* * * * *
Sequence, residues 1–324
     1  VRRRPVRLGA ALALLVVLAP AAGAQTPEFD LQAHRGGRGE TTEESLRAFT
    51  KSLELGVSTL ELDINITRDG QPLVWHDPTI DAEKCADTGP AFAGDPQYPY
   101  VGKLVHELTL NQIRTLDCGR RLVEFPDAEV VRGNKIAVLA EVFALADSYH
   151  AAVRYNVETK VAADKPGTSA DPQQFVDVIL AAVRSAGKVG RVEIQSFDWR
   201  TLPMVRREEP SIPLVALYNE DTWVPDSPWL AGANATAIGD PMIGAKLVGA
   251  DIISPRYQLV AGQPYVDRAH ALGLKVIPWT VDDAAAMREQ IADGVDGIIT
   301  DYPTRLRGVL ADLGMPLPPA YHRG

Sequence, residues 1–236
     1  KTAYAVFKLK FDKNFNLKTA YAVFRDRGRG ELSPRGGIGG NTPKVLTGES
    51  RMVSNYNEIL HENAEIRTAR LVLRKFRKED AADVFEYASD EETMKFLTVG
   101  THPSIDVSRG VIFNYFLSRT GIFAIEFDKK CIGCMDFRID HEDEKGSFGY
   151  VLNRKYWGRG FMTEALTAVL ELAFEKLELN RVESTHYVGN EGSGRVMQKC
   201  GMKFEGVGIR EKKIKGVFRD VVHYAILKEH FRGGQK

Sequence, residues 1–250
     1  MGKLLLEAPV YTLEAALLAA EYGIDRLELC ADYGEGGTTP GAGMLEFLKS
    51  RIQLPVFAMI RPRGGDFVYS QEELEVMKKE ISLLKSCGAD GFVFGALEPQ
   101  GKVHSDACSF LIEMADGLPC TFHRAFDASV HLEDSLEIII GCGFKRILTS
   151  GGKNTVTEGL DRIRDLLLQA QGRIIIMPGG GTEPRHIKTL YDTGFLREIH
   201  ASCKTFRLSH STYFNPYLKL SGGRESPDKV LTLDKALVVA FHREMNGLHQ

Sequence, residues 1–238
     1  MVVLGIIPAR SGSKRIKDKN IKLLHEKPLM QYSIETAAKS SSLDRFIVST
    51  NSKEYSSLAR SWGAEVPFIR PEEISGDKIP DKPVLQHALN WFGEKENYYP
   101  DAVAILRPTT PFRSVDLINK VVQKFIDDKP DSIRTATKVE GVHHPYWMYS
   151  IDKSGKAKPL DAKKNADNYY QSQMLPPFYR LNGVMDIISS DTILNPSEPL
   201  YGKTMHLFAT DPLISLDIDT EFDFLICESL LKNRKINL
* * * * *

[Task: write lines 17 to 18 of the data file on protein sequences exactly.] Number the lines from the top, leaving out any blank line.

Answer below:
    51  RIQLPVFAMI RPRGGDFVYS QEELEVMKKE ISLLKSCGAD GFVFGALEPQ
   101  GKVHSDACSF LIEMADGLPC TFHRAFDASV HLEDSLEIII GCGFKRILTS